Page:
Wainwright and Jack Skellington are spiritual cousins. In fairness, though, Wagner & Verdi thrashed around for awhile before really hitting their stride, writing several operas that emulated earlier models, before finding their own voice, their own authentic style. This is only Wainwright’s second opera. I love that he wants to write more of them and if he really sticks to it he will get better. The best parts of Hadrian are far away from the main action, such as that drinking scene or the music for the abandoned wife. If only…(!). And Wainwright will have broken through when the music he composes for the central scene of the opera is the best music he’s written.

At the time I first heard of the commission for Hadrian I recall a bit of dissent from the realm of composers, perhaps a bit upset at Wainwright’s credentials, that he was somehow inappropriate to be writing an opera. This was troubling, given that if anything he is more not less qualified: because this isn’t his first. What really bugs me is this assumption that a composer who has written a symphony or a song cycle or a concerto can then write an opera, as though hey, you’re a painter and it’s just another canvas. The arrogance of that assumption –that a composer can turn to opera as though it’s just another kind of music—reminds me of something that may or may not have really happened. Let’s pretend that it’s a real story.

Surgeon: “when I retire I will write a novel.”
Novelist: “when I retire I will take up brain surgery”.

Because of course, it’s not just another score. Opera is a hybrid of words & music, usually presented in the theatre (but not exclusively), so much more than just music.

And then there’s the question of Canadian culture. I don’t think it matters whether Hadrian concerns a Canadian subject.

The most Canadian theme going is the one I saw in Shanawbithit, namely the exploration of indigenous cultures & peoples, in their encounters with colonists & settlers. That is the quintessential Canadian subject. Opera is a European art form that seems a bit odd in a Canadian venue, until we look at something like Burry’s work, which is all about the encounter between Europeans & Indigenous people. For a moment opera makes sense as an artform, a place to listen to one another.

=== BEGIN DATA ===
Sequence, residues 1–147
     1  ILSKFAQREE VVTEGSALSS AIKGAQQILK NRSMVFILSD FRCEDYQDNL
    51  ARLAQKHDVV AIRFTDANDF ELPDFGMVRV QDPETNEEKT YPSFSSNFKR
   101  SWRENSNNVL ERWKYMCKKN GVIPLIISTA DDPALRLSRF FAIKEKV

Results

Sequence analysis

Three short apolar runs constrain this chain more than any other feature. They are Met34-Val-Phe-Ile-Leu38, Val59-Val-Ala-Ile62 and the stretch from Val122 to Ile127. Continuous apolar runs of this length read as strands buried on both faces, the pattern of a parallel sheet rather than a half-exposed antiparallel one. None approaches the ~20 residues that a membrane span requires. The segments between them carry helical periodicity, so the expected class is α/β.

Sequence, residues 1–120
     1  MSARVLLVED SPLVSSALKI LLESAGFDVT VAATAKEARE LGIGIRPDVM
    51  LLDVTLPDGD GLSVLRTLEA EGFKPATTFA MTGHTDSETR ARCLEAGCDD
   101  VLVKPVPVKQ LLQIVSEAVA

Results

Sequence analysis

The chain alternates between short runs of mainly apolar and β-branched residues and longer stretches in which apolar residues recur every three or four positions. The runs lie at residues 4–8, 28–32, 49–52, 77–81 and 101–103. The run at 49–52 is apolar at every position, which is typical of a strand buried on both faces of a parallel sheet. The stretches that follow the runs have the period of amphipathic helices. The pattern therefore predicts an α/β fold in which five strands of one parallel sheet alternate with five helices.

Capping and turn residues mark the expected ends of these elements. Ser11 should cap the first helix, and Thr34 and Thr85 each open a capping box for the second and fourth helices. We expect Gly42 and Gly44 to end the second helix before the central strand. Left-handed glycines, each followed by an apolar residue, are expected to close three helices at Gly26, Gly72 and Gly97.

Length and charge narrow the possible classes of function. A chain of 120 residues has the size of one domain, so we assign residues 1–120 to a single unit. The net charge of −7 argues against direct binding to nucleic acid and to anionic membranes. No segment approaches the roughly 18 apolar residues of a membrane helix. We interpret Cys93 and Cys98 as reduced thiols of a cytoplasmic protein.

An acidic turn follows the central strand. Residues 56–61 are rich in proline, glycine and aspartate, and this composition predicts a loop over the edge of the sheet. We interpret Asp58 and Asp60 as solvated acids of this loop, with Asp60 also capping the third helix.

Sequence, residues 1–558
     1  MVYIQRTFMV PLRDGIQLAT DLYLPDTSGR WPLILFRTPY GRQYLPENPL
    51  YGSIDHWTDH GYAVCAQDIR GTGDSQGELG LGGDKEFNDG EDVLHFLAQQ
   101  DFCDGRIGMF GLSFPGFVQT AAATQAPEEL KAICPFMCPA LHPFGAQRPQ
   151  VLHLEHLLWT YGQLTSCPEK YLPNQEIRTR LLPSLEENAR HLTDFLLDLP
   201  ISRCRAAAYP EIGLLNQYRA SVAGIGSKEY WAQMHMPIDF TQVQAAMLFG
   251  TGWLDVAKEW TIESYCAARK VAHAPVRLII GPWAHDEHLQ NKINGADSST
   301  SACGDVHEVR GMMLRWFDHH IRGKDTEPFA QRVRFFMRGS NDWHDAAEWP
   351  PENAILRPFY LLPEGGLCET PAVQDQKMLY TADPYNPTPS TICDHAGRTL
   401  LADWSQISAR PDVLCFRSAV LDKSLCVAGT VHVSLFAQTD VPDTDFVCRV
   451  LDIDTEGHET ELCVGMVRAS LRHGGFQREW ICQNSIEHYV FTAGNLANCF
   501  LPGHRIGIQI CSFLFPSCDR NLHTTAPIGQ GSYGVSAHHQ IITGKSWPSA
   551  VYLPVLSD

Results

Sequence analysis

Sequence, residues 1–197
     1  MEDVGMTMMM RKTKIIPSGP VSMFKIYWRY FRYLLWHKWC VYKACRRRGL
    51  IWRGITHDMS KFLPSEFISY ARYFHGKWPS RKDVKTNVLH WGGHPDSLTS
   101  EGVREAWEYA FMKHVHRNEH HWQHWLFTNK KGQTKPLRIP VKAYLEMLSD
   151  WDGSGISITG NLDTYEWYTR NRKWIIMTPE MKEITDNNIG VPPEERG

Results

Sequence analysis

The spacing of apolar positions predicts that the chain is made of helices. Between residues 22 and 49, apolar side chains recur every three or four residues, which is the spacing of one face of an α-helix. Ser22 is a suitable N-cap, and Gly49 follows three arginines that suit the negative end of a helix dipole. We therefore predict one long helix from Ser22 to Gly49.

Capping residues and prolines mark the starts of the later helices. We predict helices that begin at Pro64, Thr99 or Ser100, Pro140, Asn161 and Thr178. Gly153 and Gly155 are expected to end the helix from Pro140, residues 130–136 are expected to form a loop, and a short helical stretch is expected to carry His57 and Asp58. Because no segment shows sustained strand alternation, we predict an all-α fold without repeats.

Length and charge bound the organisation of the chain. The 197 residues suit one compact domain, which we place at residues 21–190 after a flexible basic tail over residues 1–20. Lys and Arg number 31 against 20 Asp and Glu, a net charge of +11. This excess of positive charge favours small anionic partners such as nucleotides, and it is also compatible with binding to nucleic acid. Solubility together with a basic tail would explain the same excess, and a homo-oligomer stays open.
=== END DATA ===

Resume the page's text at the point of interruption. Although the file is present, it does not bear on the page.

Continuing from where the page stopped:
A workshop process is both teleological & ontological (like so many things in life), aiming for a goal / product AND yet also, being about the journey rather than the destination, a process too. Hadrian’s opening night is just one part of the journey & not necessarily the destination. Shanawdithit’s afternoon workshop was a small part of a journey that culminates in a full production at Tapestry in 2019, enacting a respectful series of relationships that suggest the ideal of reconciliation.

Money is obviously a big part of this. In Rufus Wainwright, the COC have a name, a marketable commodity in RW. Tapestry also have a name in Burry, not so much something marketable (although there’s some of that) but someone reliable, someone who will certainly give them their opera.

This weekend: one more performance of Hadrian, Opera Atelier’s Acteon and Pygmalion (running until November 3rd) And in May, Tapestry, Opera on the Avalon and Native Earth Performing Arts will present Shanawdithit.

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This entry was posted in Music and musicology, Opera, Personal ruminations & essays, Theatre & musicals and tagged , , , , , , , , , , , , , , , , , . Bookmark the permalink.

3 Responses to Workshop Ecology

  1. Pingback: Pollyanna and the lessons of 2018 | barczablog

  2. Pingback: Questions for Dean Burry: Shanawdithit | barczablog

  3. Pingback: Shanawdithit in Toronto | barczablog